Staying ahead of the technology game doesn’t mean providing bigger, brighter TVs in each room, either. It means recognising the trends in the tech industry that are filtering their way into people’s lives. With the smartphone now a ubiquitous element of daily life for most travellers, hotels can increase both revenue and brand loyalty with the aid of Genie and intelligent automation.

Hotel guests using hotel smartphone to photograph sunset


With great power comes great responsibility. The hospitality industry would do well to remember this as the surge of new technologies bring with it untold data-tracking potential. Of course, before passing guest details on to third parties, any company must seek permission from the guest. Hoteliers might be surprised by how protective guests are over their basic information, particularly in light of recent social media data leaks. Hotels should always ensure this information is handled responsibly, regardless of how valuable data is to building customer relationships.

In the age of the modern traveller, privacy extends far beyond the hotel room. Guests expect their information to be used responsibly, to ensure only relevant advertising comes their way. By using a Genie phone, for instance, they can limit the outflow of personal information and still enjoy relevant, exclusive promotions that actually enhance the travel experience.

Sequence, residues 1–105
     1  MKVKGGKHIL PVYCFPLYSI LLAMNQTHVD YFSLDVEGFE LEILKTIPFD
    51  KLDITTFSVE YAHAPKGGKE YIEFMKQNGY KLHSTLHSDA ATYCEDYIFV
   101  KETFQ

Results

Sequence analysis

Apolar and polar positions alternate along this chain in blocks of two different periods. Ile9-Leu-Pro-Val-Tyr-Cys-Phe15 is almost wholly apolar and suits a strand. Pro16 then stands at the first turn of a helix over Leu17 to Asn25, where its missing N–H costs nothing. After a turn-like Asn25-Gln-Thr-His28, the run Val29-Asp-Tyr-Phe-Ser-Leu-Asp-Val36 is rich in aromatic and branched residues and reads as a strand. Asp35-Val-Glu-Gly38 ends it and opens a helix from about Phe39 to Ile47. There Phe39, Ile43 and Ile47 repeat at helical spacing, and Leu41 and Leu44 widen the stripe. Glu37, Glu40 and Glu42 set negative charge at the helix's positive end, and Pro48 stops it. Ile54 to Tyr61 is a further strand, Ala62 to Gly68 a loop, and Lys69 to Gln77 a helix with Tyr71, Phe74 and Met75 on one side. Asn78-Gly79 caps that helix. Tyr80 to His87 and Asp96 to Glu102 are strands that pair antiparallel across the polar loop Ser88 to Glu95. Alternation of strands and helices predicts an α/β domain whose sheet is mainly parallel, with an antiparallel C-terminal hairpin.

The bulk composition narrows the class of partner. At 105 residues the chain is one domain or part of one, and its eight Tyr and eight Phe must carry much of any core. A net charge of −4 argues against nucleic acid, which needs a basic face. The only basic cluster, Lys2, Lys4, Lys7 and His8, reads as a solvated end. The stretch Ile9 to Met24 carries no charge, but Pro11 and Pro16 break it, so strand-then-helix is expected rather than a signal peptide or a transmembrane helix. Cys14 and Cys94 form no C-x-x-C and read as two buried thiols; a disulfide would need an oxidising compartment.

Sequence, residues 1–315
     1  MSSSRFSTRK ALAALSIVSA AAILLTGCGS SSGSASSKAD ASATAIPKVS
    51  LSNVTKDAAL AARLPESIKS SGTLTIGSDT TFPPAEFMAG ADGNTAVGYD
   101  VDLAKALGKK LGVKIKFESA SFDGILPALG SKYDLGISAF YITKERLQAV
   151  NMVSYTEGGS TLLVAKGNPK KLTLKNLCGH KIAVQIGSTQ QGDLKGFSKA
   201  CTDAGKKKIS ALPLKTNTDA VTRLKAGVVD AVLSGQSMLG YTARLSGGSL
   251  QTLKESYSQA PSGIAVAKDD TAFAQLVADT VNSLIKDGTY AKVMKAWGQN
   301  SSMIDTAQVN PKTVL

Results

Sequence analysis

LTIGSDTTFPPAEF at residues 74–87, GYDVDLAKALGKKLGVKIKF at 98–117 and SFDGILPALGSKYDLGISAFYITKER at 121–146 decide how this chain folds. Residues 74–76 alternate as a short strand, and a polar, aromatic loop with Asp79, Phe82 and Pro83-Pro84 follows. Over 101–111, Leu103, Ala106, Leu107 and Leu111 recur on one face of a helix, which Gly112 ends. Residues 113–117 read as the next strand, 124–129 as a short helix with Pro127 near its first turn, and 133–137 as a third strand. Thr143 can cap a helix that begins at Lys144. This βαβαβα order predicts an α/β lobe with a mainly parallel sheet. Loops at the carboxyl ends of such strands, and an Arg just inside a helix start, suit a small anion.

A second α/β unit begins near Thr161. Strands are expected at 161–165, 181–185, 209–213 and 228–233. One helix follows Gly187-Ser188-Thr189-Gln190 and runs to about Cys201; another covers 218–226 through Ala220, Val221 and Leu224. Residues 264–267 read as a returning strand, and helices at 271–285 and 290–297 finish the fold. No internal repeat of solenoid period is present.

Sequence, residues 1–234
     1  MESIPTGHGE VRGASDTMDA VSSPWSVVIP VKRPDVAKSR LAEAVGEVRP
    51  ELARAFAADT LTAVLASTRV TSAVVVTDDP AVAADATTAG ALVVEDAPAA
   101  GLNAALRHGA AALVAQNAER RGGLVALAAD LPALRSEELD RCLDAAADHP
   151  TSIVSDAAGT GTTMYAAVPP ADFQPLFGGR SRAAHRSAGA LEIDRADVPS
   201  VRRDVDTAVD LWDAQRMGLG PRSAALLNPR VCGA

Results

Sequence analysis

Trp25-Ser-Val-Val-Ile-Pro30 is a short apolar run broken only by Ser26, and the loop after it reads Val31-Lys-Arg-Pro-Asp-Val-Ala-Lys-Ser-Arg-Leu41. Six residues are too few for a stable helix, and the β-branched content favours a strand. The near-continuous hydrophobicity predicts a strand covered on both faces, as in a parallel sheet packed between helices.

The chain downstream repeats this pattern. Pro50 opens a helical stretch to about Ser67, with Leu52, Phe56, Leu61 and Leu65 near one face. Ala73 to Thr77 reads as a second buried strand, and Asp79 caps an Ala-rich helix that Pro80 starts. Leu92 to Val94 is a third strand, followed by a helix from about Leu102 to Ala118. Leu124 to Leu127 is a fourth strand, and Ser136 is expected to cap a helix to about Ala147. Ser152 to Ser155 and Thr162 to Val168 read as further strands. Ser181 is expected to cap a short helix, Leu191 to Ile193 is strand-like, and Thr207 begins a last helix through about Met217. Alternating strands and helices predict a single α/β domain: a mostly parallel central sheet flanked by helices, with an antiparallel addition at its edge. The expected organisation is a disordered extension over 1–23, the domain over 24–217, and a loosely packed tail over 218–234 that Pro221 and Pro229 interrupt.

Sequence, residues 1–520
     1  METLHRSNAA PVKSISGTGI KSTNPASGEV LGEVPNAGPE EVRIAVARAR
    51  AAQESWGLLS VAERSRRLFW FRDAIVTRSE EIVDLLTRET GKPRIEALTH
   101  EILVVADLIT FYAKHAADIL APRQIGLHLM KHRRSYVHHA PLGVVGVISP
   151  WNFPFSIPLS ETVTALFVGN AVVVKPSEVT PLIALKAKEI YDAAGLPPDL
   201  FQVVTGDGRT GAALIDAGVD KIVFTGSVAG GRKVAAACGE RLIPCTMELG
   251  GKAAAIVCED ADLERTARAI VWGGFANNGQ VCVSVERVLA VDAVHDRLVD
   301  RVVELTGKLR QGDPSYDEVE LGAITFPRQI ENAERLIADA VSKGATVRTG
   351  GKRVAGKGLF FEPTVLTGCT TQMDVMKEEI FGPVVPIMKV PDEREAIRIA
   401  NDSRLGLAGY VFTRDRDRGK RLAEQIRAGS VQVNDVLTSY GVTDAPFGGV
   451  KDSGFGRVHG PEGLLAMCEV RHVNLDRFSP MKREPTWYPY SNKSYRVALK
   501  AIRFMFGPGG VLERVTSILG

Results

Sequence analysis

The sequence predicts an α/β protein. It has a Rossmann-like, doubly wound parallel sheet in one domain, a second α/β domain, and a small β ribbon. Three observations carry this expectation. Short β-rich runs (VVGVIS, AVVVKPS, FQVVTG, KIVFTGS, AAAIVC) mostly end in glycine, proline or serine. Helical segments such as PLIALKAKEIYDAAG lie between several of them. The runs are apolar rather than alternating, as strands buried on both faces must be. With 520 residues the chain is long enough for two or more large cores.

A Do Not Disturb sign on a luxury hotel door


Tired of the same tours, the same attractions and treading the same path as visitors before them, the millennial traveller looks to technology as the number one source of information. With this information, travellers gain build a unique experience that better reflects their own understanding of a culture. 

That’s no reason for hotels to be lax, however. While modern guests want autonomy, this doesn’t mean being left completely to their own devices. The new generation of visitor wants to explore at their own pace and in their own way. Technology provides the opportunity for guests to shape their own adventure, but also for hotels to provide support, should they need it.

As far as striking the balance between autonomy and dependence goes, it’s largely down to the hotel, the guests and the nature of the surrounding attractions. For hotels based in rural areas, providing regular transport to attractions could be essential. For visitors to a hotel in the heart of a city, guests may prefer a lighter touch. Advice on the best modes of transport, maps highlighting popular routes or digital tours provided through a Genie phone give guests the freedom to explore at their leisure while keeping them on the right track.

Millennial travellers using luxury hotel smartphone to take a selfie

The biggest challenge facing the hospitality industry today is how to respond the ever-changing needs of clients. With so many different reasons for visiting a new city, the onus is on the industry. It’s down to the hotels, the B&Bs, the villas and the hostels to effectively respond to guests’ interests in a way that allows them to define their own experience while giving them an insight into the real vibe of the local area. It’s a tall order, but the hotels hosting the next generation of traveller will be those capable of rising to this challenge.

Ben Graham

Author Ben Graham